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The report states that data traffic per smartphone per month in Southeast Asia and Oceania will grow from 3.6 GB to 17 GB at a compounded annual growth rate of 29 per cent. The reasons for this high data usage will include increased numbers of 4G LTE subscriptions and young people's changing video viewing habits.
The total smartphone subscriptions in the region will surpass one billion by 2024 growing at 8 per cent CAGR, whereas the total mobile subscriptions are expected to grow at CAGR of 7 per cent from about 800 million in 2018 to 1.2 billion in 2024.
Denis Brunetti, head of Ericsson Vietnam and Myanmar, says, “4G LTE will remain the most dominant access technology in the region up to 2024 while 5G subscriptions would also grow during that period. Mobile video traffic is fuelling total data traffic as users are spending more time streaming and sharing video. This is expected to continue, as video is embedded in all types of online content. In addition, surveys of smartphone users worldwide indicate that they expect 5G to bring the network performance needed for immersive media formats and applications. Streaming 360-degree video and augmented/virtual reality should start to be a significant factor in mobile traffic growth while enhancing user experience as 5G is rolled out, and compatible devices are successively introduced.”
4G LTE subscriptions grew by about 40 per cent during 2018 in Southeast Asia and Oceania, and are expected to account for 63 per cent of mobile subscriptions by the end of 2024, according to the Ericsson Mobility Report. Initial 5G commercial devices are expected in the region during the first half of 2019. By the end of 2024, it is anticipated that almost 12 per cent of subscriptions in the region will be for 5G.
The June 2019 edition of the Ericsson Mobility Report forecasts 1.9 billion 5G subscriptions – up from 1.5 billion forecasted in the November 2018 edition – an increase of almost 27 per cent.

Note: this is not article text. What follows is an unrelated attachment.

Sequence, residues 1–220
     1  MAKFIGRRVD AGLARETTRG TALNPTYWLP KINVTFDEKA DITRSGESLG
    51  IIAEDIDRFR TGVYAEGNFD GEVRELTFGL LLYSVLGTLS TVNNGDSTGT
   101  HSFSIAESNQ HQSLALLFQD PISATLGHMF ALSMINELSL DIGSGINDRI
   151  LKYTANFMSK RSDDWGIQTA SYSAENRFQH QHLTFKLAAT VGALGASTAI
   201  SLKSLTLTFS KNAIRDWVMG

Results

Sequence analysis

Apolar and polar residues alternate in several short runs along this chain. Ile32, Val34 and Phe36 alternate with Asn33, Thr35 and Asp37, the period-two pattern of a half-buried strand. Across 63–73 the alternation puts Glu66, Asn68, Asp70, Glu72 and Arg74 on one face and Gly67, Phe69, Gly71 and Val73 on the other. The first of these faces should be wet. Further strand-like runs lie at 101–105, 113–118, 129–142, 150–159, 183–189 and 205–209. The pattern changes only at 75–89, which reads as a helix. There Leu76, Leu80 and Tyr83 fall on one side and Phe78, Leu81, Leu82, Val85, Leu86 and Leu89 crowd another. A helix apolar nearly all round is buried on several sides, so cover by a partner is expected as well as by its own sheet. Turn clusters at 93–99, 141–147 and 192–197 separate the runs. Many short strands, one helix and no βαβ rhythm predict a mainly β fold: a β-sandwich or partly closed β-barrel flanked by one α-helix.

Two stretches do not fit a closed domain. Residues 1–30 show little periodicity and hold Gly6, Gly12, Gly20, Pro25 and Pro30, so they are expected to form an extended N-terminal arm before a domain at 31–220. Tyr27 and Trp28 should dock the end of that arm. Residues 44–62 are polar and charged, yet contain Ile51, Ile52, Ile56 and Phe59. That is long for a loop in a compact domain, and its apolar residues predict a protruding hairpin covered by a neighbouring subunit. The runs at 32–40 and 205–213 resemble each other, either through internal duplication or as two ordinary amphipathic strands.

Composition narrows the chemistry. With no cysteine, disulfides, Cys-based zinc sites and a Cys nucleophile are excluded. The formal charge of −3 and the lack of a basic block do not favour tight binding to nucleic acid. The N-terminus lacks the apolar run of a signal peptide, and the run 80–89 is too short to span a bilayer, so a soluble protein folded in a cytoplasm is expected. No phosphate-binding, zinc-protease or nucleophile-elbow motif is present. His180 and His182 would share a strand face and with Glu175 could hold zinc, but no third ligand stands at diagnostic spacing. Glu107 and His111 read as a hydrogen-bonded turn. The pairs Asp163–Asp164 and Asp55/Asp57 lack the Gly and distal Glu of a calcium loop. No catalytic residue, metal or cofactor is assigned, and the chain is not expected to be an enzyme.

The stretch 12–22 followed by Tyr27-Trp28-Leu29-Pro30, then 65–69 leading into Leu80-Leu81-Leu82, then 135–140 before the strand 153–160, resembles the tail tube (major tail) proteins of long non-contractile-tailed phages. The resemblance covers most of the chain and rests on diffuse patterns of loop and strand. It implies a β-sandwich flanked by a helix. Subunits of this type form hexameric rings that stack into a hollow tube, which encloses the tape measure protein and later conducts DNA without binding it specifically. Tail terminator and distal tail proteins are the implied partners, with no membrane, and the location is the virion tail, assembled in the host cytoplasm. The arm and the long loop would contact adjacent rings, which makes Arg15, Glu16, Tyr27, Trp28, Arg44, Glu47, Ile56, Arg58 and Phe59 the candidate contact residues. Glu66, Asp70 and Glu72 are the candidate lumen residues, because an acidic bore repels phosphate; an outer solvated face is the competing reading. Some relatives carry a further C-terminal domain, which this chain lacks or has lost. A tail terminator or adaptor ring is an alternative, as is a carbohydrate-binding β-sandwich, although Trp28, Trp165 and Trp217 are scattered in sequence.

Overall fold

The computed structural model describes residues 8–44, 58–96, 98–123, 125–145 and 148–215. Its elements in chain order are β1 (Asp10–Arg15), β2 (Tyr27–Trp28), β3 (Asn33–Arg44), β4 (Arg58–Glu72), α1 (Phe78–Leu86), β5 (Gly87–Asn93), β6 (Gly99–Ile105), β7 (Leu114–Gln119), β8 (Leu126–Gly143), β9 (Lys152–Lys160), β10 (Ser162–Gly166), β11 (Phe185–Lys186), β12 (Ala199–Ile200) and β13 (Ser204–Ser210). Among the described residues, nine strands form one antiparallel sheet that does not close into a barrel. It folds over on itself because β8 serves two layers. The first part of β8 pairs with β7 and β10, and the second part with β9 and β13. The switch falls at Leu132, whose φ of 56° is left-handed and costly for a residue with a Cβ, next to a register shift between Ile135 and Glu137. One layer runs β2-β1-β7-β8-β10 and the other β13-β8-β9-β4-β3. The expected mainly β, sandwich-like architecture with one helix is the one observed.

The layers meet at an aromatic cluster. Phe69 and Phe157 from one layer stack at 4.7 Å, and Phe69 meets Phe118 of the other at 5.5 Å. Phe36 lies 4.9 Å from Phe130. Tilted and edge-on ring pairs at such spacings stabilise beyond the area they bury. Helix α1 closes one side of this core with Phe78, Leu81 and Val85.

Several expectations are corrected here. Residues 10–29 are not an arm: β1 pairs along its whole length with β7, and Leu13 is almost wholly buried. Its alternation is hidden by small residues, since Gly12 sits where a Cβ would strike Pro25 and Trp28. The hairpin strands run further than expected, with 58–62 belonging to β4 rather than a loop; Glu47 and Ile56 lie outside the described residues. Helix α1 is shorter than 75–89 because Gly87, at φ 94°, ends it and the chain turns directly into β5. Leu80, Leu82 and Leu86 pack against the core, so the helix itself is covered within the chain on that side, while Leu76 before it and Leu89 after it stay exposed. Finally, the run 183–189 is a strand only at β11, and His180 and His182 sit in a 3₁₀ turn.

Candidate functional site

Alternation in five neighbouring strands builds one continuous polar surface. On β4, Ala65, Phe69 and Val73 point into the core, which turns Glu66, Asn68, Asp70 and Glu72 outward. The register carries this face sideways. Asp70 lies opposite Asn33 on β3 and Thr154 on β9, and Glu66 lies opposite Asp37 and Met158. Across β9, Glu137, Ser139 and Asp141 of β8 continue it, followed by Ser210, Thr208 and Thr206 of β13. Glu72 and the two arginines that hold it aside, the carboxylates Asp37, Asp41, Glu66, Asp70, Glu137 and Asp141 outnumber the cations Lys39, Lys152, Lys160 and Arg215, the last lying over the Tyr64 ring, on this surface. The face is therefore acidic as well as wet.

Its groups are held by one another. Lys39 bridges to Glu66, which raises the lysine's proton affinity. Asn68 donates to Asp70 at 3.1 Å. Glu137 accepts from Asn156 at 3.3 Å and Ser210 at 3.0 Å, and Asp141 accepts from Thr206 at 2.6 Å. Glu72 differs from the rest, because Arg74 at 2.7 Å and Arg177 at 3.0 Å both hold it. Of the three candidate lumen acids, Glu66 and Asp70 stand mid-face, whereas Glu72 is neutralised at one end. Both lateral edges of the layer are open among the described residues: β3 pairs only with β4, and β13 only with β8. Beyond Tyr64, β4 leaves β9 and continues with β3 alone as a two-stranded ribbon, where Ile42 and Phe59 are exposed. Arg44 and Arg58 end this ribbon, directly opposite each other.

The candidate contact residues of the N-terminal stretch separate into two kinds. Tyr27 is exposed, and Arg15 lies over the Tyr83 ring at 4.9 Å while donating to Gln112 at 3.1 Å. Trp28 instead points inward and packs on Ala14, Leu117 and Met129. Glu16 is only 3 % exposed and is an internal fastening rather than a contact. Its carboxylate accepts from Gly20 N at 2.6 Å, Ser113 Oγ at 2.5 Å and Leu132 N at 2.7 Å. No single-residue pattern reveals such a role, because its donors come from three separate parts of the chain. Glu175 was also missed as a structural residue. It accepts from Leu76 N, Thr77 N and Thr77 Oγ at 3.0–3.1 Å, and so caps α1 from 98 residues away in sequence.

Other forecasts have also increased notably as a result of the rapid 5G uptake. 5G coverage is forecast to reach 45 per cent of the world’s population by the end of 2024. This could surge to 65 per cent, as spectrum sharing technology enables 5G deployments on existing 4G LTE frequency bands.
Communication service providers in several markets have switched on 5G following the launch of 5G-compatible smartphones. Service providers in some markets are also setting more ambitious targets for population coverage of up to 90 per cent within the first year.
The strong commitment of chipset and device vendors is also key to the acceleration of 5G adoption. Smartphones for all main spectrum bands are slated to hit the market over the course of this year. As 5G devices increasingly become available and more 5G networks go live, over 10 million 5G subscriptions are projected worldwide by the end of 2019.
The uptake of 5G subscriptions is expected to be fastest in North America, with 63 per cent of anticipated mobile subscriptions in the region being for 5G in 2024. Northeast Asia follows in second place (47 per cent), and Europe in third (40 per cent).
Fredrik Jejdling, executive vice president and head of Networks, Ericsson, says: “5G is definitely taking off and at a rapid pace. This reflects the service providers’ and consumers’ enthusiasm for the technology. 5G will have a positive impact on people’s lives and businesses, realising gains beyond the IoT and the Fourth Industrial Revolution. However, the full benefits of 5G can only be reaped with the establishment of a solid ecosystem in which technology, regulatory, security, and industry partners all have a part to play.”
Total mobile data traffic continued to soar globally in the first quarter of 2019, up 82 per cent year-on-year. It is predicted to reach 131 EB per month by the end of 2024, at which time 35 per cent is projected to be over 5G networks.
There are one billion cellular IoT connections globally, a figure that is expected to rise to 4.1 billion by the end of 2024, 45 per cent of which are represented by Massive IoT. Industries using Massive IoT include utilities with smart metering, healthcare in the form of medical wearables, and transport with tracking sensors.
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